If I understand your question correctly, you are asking why air inside is usually cleaner than air outside, especially if it is smokey.
Smoke is actually not a gas, but solid particles that are suspended. Because of this, the smoke particles fall down, but at a very slow rate due to resistance. When the air is blown against the wall, the smoke can either blow around the wall, or it can be deposited into the wall (think of dust build-up). Of course, smaller particles can negotiate the curve easier, so it isn't perfect.
A house is (generally speaking) four walls, so if smoke was blowing against your house, even the small particles that could go around a solitary wall would be blocked off by the walls on the side of the house.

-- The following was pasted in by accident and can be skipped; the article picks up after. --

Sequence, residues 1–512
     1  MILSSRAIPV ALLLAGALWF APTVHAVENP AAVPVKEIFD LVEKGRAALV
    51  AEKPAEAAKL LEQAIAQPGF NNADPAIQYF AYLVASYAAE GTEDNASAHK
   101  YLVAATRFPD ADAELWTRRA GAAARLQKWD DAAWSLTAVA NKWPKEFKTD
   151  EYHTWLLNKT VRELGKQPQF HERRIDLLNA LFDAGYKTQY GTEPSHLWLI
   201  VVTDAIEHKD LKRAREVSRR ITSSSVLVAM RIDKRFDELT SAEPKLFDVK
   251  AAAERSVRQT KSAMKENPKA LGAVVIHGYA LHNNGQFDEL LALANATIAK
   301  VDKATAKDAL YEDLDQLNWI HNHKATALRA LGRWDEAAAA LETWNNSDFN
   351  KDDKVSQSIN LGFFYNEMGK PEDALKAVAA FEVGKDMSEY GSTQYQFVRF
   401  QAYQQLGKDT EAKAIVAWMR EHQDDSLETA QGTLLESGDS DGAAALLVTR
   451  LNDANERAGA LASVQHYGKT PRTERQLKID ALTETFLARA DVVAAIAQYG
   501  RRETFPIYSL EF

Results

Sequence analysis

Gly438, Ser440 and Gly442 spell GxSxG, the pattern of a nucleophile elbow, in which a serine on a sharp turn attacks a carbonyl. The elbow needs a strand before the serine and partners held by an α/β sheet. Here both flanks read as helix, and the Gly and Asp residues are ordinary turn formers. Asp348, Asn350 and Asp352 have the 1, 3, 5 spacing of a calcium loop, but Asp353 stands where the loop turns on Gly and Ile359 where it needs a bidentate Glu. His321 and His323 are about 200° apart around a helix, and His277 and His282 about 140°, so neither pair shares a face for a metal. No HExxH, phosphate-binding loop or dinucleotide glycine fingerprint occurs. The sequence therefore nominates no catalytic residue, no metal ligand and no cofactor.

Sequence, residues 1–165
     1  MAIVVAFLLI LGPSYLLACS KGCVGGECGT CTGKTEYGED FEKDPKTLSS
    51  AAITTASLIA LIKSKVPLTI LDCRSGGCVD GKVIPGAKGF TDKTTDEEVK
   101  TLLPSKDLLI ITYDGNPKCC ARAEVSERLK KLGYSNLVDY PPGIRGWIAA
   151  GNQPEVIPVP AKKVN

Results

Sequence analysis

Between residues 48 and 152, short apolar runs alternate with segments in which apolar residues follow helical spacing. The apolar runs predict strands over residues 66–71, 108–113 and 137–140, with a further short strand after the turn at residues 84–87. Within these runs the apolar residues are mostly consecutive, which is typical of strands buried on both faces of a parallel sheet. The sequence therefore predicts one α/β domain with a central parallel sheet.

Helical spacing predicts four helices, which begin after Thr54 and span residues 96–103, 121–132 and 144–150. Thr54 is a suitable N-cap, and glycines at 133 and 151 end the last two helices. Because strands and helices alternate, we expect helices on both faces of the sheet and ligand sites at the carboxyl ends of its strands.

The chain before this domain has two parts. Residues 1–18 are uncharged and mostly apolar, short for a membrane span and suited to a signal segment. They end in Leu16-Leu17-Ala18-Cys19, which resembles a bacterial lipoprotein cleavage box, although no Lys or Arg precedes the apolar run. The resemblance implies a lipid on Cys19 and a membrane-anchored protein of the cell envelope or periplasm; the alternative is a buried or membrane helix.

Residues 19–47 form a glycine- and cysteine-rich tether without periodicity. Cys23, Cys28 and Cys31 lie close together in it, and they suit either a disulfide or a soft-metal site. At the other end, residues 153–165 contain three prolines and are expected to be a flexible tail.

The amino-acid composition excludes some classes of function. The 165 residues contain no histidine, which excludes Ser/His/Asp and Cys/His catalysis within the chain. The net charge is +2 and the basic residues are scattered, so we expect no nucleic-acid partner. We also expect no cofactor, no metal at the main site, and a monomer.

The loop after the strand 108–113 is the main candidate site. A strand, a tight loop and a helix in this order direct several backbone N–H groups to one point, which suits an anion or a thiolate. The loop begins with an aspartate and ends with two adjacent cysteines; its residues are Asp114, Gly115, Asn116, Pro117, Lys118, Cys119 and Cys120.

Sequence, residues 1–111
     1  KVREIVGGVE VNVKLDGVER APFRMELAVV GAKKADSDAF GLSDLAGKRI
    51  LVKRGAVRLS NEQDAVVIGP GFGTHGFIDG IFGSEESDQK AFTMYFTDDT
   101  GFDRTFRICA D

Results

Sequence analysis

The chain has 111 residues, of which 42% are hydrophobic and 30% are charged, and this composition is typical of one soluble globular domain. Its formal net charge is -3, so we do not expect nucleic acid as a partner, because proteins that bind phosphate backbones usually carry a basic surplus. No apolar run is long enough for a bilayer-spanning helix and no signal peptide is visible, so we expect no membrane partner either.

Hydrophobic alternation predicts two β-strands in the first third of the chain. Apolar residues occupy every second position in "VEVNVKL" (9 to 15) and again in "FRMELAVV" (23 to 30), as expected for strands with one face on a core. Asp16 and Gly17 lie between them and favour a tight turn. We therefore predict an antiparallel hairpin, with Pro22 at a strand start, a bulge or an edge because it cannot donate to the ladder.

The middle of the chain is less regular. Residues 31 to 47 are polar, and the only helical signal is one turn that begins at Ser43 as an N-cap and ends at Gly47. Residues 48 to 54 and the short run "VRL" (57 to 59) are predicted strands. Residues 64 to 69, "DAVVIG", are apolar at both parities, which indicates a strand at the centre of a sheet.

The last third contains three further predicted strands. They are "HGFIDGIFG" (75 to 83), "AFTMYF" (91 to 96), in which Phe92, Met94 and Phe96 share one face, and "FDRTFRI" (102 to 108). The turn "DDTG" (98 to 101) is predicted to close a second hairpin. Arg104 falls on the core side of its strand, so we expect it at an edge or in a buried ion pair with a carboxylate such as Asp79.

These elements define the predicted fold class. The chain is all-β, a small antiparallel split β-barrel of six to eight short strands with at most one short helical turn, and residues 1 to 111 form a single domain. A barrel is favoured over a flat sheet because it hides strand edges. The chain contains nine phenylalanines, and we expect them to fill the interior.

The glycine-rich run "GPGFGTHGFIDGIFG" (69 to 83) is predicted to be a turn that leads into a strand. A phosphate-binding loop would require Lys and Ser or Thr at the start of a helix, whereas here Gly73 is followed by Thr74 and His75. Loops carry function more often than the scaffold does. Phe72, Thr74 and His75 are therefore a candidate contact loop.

As the other answers suggest, a house generally isn't perfectly cut off (hermetically sealed). This means that small openings in your house can let air and let the smallest particles of smoke in. For other reasons, that is good and bad. If too much smoke is brought in, it is hard to get out (consider a cigarette smoker inside). For example, furniture acts as a capacitor of smoke, gradually releasing it in time.
In your case, consider you open your doors a bit and some smoke got inside. The smoke will diffuse throughout your house and settle into the floor. Assuming the mass of the puff of smoke is much less than the mass of air inside your house, the concentration of smoke inside your house will likely be negligible.
There are a number of different ways you can slow smoke down from entering into your house. Besides the ways listed above, building an anteroom may also prevent smoke from entering and make your house a bit more energy efficient.